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Let $S$ be a smooth projective curve over $\mathbf C$ and let $f:X\to S$ be a projective flat morphism with "semi-stable" fibres (i.e., the fibres are reduced and strict normal crossings divisors) and normal generic fibre. In particular, $X$ is normal and has only rational singularities. Moreover, the morphism $f:X\to S$ has only finitely many singular fibres. Assume $X\to S$ to be polarized. Let $h$ be the Hilbert polynomial of the generic fibre $X_\eta\to$ Spec $\mathbf C$.

Let $m=m(X/S)$ be the smallest positive integer such that $\deg \det f_\ast \omega_{X/S}^{\otimes m} $ is non-zero. (Who showed that this implies $\deg \det f_\ast \omega_{X/S}^{\otimes m} >0$?)

Do we have that, for all $n\geq m$, the real number $\deg \det f_\ast \omega_{X/S}^{\otimes n}$ is non-zero? If not, does there exist an integer $m$ for which this property holds?

Is there an explicit upper bound on $m$ which depends only on $h$?

If the generic fibre is a curve of genus at least two one can take $m=1$ by Arakelov's theorem.

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Hilbert polynomial for what embedding to projective space? – Will Sawin Dec 22 '12 at 0:21
Let's say the canonical sheaf is ample. – Masse Dec 22 '12 at 10:30

You need to assume also that $f$ is non-isotrivial. (Think of $X=S\times F$). On the other hand, you don't need the semi-stable assumption for any of these, except that the explicit bound you are asking about is better if you know semi-stability. Also, if there are only finitely many singular fibres, then the general fibre is smooth, right? I also assume that you take $h$ to be the Hilbert polynomial of a fixed power of $\omega_{X_\eta}$.

For your first question in parentheses: The answer to "who showed this" depends on the context. One should probably mention the names Fujita, Kawamata, Viehweg, Kollár. Perhaps more.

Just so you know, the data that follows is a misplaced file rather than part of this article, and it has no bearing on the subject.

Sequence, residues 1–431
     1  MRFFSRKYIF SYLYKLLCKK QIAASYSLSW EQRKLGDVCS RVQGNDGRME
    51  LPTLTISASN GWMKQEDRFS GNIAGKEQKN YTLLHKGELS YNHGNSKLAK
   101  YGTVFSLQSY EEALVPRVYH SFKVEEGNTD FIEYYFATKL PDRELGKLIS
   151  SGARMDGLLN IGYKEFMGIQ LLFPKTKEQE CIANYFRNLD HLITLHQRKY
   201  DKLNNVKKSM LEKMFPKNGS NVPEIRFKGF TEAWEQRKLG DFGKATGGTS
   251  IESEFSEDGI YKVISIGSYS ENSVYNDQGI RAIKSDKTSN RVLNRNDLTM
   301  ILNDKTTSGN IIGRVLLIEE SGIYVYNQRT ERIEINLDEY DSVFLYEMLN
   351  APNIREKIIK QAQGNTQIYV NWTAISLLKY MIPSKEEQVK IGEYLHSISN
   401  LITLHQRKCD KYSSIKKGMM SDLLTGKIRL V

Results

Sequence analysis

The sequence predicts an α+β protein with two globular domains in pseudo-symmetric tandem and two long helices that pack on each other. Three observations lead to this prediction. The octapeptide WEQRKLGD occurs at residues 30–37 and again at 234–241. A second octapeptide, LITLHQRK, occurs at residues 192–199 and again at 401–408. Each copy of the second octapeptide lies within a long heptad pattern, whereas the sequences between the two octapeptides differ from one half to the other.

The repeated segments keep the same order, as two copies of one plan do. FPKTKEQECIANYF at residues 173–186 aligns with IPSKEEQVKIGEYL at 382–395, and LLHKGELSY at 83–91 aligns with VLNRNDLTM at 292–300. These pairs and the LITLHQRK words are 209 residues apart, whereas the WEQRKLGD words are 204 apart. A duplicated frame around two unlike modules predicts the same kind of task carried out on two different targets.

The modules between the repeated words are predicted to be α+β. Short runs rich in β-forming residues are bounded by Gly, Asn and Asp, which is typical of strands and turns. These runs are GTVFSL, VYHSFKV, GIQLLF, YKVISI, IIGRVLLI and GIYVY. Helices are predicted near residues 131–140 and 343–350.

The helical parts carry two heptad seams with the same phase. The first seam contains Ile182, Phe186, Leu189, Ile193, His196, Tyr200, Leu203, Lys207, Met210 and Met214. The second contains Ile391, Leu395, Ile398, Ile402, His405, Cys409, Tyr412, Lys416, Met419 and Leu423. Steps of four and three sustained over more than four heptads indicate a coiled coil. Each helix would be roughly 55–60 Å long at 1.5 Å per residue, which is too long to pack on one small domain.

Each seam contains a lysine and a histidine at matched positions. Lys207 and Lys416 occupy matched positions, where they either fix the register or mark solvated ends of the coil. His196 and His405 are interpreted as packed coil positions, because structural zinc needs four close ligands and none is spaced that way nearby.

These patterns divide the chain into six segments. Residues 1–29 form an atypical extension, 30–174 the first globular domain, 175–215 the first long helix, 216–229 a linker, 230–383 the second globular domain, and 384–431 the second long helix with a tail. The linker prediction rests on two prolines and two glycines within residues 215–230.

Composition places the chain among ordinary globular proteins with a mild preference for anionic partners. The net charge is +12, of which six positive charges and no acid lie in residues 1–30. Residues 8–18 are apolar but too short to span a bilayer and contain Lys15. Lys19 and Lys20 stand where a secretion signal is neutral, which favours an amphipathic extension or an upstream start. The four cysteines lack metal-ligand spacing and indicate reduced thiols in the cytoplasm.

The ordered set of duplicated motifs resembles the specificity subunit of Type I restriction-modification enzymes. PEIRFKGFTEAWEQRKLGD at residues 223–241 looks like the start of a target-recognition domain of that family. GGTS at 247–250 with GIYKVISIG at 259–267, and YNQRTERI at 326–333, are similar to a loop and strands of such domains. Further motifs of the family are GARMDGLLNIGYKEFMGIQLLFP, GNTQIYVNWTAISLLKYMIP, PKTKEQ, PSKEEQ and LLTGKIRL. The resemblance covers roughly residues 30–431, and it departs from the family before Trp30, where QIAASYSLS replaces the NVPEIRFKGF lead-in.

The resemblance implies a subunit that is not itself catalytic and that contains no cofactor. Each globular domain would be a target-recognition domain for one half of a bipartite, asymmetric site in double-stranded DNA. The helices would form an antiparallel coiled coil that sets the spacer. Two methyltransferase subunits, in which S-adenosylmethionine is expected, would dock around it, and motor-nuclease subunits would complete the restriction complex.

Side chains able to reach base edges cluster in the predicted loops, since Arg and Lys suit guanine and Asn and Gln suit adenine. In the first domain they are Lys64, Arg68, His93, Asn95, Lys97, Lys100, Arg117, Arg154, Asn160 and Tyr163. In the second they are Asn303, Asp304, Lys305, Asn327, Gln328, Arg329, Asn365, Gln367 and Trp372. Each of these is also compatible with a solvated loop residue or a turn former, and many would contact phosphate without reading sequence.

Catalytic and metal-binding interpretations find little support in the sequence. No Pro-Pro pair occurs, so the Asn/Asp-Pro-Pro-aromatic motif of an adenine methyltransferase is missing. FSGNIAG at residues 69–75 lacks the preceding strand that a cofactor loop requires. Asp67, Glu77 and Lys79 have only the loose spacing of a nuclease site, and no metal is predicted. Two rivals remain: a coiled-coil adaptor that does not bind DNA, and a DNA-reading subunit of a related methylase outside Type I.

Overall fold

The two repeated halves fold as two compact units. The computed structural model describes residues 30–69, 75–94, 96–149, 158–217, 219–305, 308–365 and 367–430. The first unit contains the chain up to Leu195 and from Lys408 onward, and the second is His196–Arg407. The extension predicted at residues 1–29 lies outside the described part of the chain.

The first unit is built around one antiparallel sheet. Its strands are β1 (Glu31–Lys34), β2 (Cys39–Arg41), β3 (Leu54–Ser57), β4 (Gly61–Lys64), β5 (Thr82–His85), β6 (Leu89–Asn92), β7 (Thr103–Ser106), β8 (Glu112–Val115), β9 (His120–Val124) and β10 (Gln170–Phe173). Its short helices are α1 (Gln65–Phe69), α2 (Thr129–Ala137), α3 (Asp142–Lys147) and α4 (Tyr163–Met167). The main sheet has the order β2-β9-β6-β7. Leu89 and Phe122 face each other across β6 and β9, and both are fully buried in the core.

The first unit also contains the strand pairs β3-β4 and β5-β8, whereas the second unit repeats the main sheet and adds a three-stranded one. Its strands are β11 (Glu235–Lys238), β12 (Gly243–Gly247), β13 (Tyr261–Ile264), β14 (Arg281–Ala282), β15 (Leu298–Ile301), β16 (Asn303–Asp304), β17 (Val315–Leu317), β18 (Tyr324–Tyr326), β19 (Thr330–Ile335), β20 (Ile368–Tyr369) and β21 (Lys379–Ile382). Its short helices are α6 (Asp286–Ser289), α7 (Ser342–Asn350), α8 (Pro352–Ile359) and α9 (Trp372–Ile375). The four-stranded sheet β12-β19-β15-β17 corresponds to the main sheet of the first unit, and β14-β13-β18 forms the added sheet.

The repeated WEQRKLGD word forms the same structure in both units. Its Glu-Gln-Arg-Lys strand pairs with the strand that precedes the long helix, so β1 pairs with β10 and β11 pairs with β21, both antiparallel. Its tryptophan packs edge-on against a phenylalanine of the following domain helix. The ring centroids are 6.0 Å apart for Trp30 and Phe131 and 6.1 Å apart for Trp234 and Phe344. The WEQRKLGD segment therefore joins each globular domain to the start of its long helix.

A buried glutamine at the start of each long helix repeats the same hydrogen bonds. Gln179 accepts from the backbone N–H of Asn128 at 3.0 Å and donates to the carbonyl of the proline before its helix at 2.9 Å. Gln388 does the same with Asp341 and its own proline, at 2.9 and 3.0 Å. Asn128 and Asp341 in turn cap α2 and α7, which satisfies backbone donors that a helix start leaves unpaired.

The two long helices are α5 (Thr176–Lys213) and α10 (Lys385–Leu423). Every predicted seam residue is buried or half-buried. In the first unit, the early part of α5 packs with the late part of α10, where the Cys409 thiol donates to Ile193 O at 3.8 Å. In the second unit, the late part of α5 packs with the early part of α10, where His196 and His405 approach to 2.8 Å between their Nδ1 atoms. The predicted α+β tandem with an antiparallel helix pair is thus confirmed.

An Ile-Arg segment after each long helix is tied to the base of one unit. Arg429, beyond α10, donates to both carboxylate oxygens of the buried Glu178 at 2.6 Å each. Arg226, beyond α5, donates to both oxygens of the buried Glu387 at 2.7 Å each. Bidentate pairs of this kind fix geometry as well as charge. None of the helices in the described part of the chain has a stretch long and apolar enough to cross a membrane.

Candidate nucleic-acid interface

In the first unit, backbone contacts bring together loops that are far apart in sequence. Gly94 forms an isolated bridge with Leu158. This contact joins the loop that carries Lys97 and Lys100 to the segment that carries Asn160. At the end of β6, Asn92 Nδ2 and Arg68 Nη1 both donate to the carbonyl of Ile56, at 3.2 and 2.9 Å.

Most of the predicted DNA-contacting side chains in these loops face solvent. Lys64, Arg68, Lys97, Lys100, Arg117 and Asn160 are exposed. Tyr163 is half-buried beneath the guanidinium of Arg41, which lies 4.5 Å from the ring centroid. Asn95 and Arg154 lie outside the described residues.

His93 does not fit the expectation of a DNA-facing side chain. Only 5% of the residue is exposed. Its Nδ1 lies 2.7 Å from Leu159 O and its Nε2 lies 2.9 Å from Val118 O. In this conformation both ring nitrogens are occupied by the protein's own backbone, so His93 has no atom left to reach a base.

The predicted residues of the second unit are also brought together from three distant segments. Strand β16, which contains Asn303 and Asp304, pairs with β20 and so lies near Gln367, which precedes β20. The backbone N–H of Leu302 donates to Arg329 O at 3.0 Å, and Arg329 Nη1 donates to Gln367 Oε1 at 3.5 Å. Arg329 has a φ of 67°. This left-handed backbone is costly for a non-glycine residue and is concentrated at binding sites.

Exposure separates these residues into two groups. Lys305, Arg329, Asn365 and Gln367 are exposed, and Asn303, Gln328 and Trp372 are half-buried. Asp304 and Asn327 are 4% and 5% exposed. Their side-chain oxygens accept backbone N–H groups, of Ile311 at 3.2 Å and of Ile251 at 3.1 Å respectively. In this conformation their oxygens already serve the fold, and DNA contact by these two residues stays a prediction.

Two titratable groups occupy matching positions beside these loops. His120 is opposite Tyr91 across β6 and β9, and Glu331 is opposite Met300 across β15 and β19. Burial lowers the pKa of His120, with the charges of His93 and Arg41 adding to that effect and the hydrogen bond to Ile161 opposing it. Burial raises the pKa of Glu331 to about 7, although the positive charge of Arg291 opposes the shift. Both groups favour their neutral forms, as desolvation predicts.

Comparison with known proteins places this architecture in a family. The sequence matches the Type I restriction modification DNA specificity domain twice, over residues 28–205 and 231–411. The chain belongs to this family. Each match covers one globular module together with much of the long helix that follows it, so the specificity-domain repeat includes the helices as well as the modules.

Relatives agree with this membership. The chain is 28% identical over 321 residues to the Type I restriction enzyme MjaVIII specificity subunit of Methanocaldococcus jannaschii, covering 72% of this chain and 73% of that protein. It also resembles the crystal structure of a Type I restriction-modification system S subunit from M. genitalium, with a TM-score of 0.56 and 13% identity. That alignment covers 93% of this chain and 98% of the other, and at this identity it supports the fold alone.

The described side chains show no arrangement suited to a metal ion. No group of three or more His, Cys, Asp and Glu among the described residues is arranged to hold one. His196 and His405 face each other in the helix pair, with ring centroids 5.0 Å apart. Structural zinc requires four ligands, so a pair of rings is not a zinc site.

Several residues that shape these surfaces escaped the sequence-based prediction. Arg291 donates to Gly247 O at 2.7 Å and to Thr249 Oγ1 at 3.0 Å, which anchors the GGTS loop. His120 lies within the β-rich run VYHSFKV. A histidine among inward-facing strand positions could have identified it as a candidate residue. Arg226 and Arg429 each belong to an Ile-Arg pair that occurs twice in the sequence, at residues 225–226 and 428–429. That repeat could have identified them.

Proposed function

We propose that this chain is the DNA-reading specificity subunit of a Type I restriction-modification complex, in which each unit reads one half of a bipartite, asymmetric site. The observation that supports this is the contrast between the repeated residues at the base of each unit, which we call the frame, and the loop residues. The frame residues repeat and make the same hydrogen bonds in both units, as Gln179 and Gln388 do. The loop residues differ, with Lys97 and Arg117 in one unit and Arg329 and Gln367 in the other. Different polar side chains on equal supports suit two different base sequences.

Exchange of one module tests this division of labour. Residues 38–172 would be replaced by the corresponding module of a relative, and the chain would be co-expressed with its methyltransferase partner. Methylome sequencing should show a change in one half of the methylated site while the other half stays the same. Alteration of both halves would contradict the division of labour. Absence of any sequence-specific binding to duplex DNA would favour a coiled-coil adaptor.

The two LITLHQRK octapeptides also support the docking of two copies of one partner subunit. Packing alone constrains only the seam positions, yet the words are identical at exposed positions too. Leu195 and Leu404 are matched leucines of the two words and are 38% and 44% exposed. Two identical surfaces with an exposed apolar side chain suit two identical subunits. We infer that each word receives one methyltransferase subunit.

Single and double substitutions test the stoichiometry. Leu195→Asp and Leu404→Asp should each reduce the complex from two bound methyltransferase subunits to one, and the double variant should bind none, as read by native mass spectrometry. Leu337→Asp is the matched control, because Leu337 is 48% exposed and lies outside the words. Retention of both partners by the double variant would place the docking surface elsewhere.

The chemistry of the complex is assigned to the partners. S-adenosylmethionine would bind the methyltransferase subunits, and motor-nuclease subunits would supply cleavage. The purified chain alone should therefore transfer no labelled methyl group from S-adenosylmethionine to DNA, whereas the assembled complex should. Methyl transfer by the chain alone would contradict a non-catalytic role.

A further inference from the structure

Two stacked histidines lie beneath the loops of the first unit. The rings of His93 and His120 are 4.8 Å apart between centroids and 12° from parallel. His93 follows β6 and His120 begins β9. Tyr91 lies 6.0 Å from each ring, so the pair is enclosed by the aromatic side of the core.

For the second question the answer is "yes with $m=2$, as long as $f_*\omega_{X/S}^{\otimes n}\neq 0$". In fact, in that case $f_*\omega_{X/S}^{\otimes n}$ is ample. This was proved by Esnault and Viehweg in Ample sheaves on moduli schemes. Algebraic geometry and analytic geometry (Tokyo, 1990), 53–80, ICM-90 Satell. Conf. Proc., Springer, Tokyo, 1991.

[EDIT]: I've just realized that you asked an explicit upper bound on $m$. The previous paragraph answers that. Here I "answered" a question I thought you were asking about an upper bound for the degree:

There exists an upper bound on the degree, which slightly depends on your assumptions, but they all come down to be something like $(const)\cdot \mathrm{rank}(f_*\omega_{X/S}^{\otimes n})\cdot (2g(S)-2+\delta)$, where $\delta$ is the number of singular fibres. Results of this kind have been obtained by Bedulev-Viehweg, Viehweg-Zuo$^1$ (J. Algebraic Geom. 10 (2001), no. 4, 781–799), Kovács.

In fact, there have been a lot of results related to these questions and various generalizations. You may start with the survey Kovács, Sándor J. Subvarieties of moduli stacks of canonically polarized varieties: generalizations of Shafarevich's conjecture, Algebraic geometry—Seattle 2005. Part 2, 685–709, Proc. Sympos. Pure Math., 80, Part 2, Amer. Math. Soc., Providence, RI, 2009, and look at the references.

These results have strong implications to hyperbolicity of moduli spaces and generalizations of the Shafarevich conjecture to higher dimensional varieties. See for instance a paper by Kovács-Lieblich.

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Thanks for your answer and sorry for the late reply! I think I'm not understanding something completely; if $f_\ast \omega^{\otimes n} =0$, it can happen that $f_\ast \omega^{\otimes (n+1)}$ is non-zero? I find this very strange...The question reuces to whether $f_\ast \omega^{\otimes n}$ is non-zero for ALL $n>>0$. (And here I really mean for ALL $n$ big enough. Thus, without exceptions.) – Masse Jan 4 '13 at 13:42
Also, I find the condition $f_\ast omega^{\otimes n}$ non-zero in Arakelov's inequality a bit strange. Isn't the degree of the trivial line bundle zero? Thus, isn't Arakelov's inequality trivial in this case? (See for example Theorem 1.1 in the survey of Viehweg on Arakelov inequalities.) – Masse Jan 4 '13 at 13:44

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